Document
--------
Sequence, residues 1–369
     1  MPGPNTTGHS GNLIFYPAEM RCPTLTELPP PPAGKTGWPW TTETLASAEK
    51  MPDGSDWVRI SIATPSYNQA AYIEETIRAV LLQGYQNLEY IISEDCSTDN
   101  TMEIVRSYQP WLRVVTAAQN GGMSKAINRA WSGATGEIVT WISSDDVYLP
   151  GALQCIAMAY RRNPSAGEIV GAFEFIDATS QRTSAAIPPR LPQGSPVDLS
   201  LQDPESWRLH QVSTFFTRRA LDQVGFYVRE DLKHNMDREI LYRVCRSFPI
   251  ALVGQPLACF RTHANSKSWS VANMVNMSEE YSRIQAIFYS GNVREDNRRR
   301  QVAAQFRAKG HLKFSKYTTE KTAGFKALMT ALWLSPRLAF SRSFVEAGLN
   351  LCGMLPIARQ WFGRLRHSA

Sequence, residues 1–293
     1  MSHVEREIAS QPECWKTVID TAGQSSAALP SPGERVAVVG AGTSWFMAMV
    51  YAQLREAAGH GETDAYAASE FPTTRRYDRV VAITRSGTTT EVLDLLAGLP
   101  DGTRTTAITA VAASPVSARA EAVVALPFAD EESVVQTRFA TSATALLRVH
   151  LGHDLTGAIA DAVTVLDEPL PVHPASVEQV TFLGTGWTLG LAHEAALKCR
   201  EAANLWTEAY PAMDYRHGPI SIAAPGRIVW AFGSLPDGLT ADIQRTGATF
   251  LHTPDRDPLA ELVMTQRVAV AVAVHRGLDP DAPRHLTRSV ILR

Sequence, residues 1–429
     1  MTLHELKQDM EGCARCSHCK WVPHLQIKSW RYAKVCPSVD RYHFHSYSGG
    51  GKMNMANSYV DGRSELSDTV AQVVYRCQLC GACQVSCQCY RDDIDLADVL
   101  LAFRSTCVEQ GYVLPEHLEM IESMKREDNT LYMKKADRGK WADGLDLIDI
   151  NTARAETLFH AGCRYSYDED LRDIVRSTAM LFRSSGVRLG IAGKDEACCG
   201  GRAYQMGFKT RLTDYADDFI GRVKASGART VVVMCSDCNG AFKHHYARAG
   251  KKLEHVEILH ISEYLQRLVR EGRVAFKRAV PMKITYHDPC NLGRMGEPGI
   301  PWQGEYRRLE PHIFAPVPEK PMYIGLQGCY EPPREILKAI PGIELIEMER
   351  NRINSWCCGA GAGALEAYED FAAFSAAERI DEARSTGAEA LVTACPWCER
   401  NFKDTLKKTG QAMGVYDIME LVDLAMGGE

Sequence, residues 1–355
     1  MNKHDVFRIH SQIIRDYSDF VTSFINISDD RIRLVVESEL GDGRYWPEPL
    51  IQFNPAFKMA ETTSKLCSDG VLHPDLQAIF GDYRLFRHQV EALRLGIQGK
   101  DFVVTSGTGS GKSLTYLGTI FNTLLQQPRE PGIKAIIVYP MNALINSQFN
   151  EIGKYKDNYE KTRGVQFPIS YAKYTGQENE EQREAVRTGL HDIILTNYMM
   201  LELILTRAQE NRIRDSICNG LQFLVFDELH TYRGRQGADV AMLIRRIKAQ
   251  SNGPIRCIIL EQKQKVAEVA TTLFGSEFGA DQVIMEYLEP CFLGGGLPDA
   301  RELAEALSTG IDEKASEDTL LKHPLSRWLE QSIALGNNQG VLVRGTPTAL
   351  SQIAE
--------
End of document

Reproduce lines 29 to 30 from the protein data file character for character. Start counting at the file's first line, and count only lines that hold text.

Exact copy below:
    51  IQFNPAFKMA ETTSKLCSDG VLHPDLQAIF GDYRLFRHQV EALRLGIQGK
   101  DFVVTSGTGS GKSLTYLGTI FNTLLQQPRE PGIKAIIVYP MNALINSQFN